Bertram's decision was quickly taken. Whilst the man's face was turned the other way, he quickly rose from his bed, and crossing the room with noiseless steps, laid a hand upon his arm.
"Hist, friend!" he whispered whilst the start given by the other, and the hoarse exclamation that broke from his lips, might have wakened sleepers who were not healthy, tired boys. "Fear not; I am no foe to betray thee. Tell me who and what thou art, and I will help thee all I may."
The frightened eyes bent upon him bespoke a great terror. The man's voice died away as he tried to speak. The only word Bertram could catch seemed to be a prayer that he would not betray him.
"Betray thee! Never! Why, good fellow, dost not know that the Chadgroves never betray those who trust in them? Hence sometimes has trouble come upon them. But before we talk, let me get thee food. Methinks thou art well-nigh starved."
"Food! food! Ah, if thou wouldst give me that, young master, I would bless thee forever! I have well-nigh perished with hunger and thirst. Heaven be thanked that I have tasted water once again!"
"Come hither," said Bertram cautiously. "First close this narrow doorway, the secret of which thou must teach me in return for what I will do for thee, and then I will take thee to another chamber, where our voices will not disturb my brothers, and we can talk, and thou canst eat at ease. I must know thy story, and I pledge myself to help thee. Show me now the trick of this door. I swear I will make no treacherous use of the secret."
"I will trust thee, young sir. I must needs do so, for without human help I must surely die.
"Seest thou this bunch of grapes so cunningly carved here? This middle grape of the cluster will turn round in the fingers that know how to find and grasp it, and so turning and turning slowly, unlooses a bolt within--here--and so the whole woodwork swings out upon hinges and reveals the doorway. Where that doorway leads I will show thee anon, if thou wouldst know the trick of the secret chamber at Chad that all men have now forgotten. It may be that it will some day shelter thee or thine, for thou hast enemies abroad, even as I have."
Bertram was intensely interested as he examined and mastered the simple yet clever contrivance of this masked door; but quickly remembering the starved condition of his companion, he led him
cautiously into an adjoining room, where were a table and some scant furniture, and gliding down the staircase and along dim corridors just made visible by the reflected radiance of the moon, he reached the buttery, and armed himself with a venison pasty, a loaf of bread, and a bottle of wine. Hurrying back with these, he soon had the satisfaction to see the stranger fall upon them with the keen relish of a man who has fasted to the last limits of endurance; and only after he had seen that the keen edge of his hunger had been satisfied did he try to learn more of him and his concerns.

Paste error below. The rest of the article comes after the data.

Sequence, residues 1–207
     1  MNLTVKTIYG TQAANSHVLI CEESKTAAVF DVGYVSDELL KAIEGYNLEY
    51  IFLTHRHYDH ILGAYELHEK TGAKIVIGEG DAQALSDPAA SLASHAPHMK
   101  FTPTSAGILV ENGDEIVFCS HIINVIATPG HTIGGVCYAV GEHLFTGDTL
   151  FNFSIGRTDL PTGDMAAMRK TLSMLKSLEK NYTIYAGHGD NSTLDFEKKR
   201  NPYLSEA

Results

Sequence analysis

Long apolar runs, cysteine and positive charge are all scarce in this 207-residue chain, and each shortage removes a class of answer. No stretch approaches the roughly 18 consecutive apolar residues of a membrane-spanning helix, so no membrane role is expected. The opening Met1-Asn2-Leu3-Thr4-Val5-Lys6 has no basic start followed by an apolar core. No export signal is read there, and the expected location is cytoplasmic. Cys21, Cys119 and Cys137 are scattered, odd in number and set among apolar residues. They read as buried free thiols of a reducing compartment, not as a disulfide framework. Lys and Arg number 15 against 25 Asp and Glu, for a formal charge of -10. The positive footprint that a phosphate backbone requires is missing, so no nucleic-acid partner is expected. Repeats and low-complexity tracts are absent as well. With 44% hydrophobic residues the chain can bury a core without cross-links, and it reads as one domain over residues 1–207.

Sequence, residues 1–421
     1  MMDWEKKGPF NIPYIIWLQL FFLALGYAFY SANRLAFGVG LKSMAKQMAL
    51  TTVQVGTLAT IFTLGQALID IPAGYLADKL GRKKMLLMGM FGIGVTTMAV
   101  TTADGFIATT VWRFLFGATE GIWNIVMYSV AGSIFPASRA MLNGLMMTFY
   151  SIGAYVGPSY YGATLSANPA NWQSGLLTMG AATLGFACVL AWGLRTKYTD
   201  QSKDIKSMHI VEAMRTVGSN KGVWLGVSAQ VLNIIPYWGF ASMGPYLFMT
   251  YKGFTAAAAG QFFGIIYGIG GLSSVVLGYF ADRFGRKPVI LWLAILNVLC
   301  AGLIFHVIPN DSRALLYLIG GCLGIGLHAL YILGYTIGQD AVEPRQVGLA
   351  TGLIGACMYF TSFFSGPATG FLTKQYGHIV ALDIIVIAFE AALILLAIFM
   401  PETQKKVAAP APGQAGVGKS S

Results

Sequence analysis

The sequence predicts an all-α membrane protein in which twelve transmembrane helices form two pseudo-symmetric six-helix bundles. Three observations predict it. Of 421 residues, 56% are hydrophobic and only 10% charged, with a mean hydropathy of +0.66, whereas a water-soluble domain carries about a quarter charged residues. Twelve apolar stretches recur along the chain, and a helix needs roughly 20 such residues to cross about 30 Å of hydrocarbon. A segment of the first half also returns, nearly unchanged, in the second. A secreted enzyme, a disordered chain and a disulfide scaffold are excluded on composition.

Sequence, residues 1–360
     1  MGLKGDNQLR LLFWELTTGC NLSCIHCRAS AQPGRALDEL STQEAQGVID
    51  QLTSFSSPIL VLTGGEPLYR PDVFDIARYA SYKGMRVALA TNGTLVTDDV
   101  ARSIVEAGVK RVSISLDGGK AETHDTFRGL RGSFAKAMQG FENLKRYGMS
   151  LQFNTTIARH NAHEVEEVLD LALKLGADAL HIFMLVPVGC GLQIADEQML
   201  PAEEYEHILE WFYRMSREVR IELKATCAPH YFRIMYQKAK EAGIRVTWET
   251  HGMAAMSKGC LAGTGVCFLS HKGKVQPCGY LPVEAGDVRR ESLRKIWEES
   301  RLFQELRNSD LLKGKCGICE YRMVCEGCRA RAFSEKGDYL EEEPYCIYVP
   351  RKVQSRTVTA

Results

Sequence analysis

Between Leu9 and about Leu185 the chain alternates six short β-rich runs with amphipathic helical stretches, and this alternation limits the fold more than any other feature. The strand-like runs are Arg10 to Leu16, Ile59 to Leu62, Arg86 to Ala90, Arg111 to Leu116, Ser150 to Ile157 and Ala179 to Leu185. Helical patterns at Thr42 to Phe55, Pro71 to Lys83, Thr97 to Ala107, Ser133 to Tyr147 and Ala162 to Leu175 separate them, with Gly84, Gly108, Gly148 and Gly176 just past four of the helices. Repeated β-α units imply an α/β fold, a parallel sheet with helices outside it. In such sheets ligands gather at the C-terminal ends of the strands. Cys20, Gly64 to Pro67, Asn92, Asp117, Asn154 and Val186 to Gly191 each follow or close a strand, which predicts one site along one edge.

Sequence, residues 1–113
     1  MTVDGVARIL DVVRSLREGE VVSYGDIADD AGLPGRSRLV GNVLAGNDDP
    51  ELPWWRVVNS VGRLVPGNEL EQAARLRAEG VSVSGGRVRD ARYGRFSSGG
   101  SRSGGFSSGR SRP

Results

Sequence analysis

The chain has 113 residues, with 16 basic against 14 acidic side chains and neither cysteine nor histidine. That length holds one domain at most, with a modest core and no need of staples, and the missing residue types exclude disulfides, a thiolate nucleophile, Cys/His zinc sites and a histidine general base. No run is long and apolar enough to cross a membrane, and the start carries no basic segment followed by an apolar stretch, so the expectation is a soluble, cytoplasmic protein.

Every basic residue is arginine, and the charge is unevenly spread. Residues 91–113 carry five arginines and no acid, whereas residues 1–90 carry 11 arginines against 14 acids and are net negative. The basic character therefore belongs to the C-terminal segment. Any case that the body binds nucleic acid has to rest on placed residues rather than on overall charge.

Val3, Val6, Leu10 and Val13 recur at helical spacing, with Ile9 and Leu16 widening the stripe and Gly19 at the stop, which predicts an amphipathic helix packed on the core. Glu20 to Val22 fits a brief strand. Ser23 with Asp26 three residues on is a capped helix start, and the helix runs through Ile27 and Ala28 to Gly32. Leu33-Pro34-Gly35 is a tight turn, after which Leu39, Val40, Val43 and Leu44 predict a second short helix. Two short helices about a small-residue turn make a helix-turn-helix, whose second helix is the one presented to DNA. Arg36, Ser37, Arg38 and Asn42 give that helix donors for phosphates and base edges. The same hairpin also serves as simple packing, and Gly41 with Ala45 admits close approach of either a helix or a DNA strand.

"Now tell me, my good friend, who and what thou art," said the boy, "and how comes it that thou seekest shelter here, and that thou knowest more of Chad than we its owners do. That is the thing which has been perplexing me this long while. I would fain hear from thy story how it comes about."
"That is soon told, young sir. Thou dost not, probably, remember the name of Warbel as that of some of the retainers of thy grandsire, but--"
"I have heard the name," said the boy. "I have heard my father speak of them. But I knew not that there were any of that name now living."
"I am a Warbel--I trow the last of my race. I was born beyond the seas; but I was early brought to England, and I heard munch of the strife that encompassed Chad, because my father and grandfather both knew the place well, and would fain have gone back and lived in the old country had not fortune otherwise decreed it. To make a long story short, they never returned to the place. But when I was grown to man's estate, I was offered a post in the household of the Lord of Mortimer, and as it was the best thing that had fallen in my way, I accepted it very gladly; for I knew that name, too, and I knew naught against the haughty lord, albeit my father and grandsire had not loved the lords of that name who lived before him.
"For many years I have been in his service, and for a while all went well with me. I was made one of his gentlemen, and he seemed to favour me. But of late there has been a change towards me--I know not how or why. I have offended him without intending it, and he has sometimes provoked me almost beyond endurance by his proud insolence. But that I might have borne, for he was my master, had it not been for the insolence and insults I had to bear from others amongst his servants, and from one youth in particular, who seemed to me to be trying to oust me from my place, and to get himself the foremost place in his master's favour. That made my hot blood boil again and again, until at last the thing I believe they had long planned happened, and I
had to fly for my life."
The man paused, and Bertram, who was drinking in this story, asked eagerly: "And what was that?"